In the book of Genesis Adam and Eve live in the garden of Eden among many temptations that God has laid before them to test their faith. One such temptation is the “Tree of Knowledge” or the tree of life. The tree of knowledge is a metaphor for free will, and if anyone eats from the tree of knowledge they become “like god”. Eve eats an apple from the tree after great temptation from Satan in the form of a snake and she is made into a scepter of fallen grace, because she dared question her rulers who “knew better” and convinced Adam to do the same. Eve is every woman who ever sought liberation, and like Eve the women who suffer and languish under strict patriarchal rule in Mustang also take of that apple.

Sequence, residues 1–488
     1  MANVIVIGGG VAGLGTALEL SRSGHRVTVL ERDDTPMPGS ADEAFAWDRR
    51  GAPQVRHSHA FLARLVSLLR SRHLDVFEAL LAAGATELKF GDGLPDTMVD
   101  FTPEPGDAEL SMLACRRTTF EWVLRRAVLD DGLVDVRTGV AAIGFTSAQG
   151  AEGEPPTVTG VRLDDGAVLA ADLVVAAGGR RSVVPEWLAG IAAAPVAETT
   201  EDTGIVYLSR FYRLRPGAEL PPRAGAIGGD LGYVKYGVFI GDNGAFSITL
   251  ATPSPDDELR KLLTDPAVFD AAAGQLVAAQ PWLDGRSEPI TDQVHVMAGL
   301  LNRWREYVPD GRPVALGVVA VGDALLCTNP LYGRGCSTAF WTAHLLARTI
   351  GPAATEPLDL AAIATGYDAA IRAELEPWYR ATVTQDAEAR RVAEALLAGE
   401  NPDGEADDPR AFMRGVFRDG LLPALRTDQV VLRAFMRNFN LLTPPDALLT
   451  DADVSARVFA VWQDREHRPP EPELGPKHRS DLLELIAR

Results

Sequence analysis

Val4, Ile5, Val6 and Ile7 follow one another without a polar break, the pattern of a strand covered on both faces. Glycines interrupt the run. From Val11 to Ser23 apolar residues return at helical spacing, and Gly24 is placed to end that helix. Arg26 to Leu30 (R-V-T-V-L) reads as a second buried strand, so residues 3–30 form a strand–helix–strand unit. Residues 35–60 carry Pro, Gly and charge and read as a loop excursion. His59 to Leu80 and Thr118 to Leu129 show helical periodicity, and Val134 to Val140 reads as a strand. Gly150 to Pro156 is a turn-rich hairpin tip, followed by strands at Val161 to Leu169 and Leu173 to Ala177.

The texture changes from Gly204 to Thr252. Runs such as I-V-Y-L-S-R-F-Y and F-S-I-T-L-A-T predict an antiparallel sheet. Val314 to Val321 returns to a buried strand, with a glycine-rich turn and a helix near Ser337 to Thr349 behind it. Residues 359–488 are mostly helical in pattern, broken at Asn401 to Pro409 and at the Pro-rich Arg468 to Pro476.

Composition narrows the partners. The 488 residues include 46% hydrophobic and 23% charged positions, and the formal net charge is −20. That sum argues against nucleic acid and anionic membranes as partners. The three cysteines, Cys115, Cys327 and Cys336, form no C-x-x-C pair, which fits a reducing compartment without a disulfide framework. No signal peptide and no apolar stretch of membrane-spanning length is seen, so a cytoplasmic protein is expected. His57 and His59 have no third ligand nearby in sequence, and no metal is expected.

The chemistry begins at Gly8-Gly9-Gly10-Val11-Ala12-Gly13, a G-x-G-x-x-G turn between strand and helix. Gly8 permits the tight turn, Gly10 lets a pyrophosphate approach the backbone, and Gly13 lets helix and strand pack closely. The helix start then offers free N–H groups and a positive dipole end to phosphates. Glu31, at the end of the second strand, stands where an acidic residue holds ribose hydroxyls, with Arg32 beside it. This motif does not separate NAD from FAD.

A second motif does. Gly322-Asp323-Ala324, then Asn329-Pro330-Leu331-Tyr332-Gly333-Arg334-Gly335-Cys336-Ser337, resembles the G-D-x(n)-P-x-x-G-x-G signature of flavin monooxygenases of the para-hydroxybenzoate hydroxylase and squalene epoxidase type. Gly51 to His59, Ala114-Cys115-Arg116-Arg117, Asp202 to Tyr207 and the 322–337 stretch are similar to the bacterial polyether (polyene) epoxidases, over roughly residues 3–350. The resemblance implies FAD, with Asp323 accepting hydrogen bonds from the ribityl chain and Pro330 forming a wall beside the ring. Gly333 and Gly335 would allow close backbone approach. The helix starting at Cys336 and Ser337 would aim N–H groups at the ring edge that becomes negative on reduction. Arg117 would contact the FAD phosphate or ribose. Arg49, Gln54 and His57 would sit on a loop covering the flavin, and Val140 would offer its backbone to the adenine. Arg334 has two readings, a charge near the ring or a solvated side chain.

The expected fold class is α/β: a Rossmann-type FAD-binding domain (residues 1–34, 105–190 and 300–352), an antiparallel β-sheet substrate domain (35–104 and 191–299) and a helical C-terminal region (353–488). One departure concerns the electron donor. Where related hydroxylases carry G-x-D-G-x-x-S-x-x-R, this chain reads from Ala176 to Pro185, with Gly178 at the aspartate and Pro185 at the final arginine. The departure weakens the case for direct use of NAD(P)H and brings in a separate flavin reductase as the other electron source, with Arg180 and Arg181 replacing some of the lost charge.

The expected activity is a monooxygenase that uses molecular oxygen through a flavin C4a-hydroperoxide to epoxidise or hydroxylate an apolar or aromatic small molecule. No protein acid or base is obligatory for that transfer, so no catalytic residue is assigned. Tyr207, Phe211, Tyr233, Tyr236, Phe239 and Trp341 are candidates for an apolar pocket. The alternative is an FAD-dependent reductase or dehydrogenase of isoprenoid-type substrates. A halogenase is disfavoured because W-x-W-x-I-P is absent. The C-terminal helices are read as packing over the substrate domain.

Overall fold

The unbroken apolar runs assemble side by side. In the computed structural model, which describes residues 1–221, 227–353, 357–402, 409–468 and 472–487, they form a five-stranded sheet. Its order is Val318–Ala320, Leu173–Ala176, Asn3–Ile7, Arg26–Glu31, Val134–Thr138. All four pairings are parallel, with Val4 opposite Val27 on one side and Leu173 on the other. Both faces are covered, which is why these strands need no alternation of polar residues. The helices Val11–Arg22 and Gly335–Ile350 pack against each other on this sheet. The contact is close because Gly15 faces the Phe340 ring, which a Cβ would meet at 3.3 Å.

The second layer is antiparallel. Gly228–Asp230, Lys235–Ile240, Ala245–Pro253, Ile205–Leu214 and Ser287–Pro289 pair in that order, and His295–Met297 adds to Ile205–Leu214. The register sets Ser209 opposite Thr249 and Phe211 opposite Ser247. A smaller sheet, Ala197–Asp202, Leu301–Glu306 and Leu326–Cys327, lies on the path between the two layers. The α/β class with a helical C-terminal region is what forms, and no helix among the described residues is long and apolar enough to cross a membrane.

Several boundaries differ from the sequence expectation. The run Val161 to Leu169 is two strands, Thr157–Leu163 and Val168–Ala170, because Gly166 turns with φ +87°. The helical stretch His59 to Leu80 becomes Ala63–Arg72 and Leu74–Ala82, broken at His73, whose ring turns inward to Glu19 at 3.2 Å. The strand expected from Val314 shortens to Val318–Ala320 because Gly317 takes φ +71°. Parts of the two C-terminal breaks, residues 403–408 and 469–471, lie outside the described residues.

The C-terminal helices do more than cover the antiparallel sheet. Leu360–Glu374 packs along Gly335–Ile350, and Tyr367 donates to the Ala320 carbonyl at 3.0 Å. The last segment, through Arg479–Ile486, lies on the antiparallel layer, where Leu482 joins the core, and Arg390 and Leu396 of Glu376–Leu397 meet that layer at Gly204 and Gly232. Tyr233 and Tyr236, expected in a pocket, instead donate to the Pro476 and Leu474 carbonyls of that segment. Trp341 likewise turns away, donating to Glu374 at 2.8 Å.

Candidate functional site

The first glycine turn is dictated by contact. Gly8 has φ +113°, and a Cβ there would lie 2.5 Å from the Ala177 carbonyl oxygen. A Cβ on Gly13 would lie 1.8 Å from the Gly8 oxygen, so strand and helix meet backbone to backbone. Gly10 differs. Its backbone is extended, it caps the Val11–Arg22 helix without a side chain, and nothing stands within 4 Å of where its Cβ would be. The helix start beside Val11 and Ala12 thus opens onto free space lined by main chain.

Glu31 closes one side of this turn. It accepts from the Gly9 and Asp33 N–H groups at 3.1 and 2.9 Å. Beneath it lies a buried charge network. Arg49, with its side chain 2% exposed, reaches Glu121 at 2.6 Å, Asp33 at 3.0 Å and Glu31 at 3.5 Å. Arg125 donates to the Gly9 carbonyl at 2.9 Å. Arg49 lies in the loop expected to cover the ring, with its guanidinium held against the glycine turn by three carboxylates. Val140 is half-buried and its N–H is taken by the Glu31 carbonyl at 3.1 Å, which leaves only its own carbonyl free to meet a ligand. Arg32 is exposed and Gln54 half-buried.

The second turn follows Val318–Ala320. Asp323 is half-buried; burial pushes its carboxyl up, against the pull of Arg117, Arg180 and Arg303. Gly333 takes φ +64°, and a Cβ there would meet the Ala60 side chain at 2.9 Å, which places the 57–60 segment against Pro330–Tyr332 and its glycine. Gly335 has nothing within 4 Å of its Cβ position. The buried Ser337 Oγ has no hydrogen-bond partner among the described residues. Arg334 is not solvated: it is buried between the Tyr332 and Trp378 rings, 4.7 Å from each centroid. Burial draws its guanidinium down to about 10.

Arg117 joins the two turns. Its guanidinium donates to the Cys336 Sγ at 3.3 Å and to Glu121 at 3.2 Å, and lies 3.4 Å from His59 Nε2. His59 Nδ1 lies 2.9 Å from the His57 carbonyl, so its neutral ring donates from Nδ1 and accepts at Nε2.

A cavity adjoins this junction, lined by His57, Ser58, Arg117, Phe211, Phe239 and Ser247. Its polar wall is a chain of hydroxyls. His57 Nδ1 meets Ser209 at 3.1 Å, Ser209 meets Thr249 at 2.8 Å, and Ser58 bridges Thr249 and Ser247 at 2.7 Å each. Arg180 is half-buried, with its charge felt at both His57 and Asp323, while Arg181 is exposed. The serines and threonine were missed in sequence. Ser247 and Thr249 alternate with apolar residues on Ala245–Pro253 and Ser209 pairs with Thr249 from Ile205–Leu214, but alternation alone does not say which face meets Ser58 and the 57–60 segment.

Mustang begins as a breezy summer picture. The girls have ruffled sleeves on their blouses and smiles on their face as they cheer out “Let’s walk, the weather’s nice”. The end of school begats horseplay in an inviting ocean as summer arrives and nothing could appear to be dangerous about this situation, but they made the mistake of having fun with boys. When word got out to their grandmother and uncle that they had been engaging in this activity it meant handcuffs, cages and control, because a woman who plays with boys eventually has sex, and in this small patriarchal community nothing could be more abominable.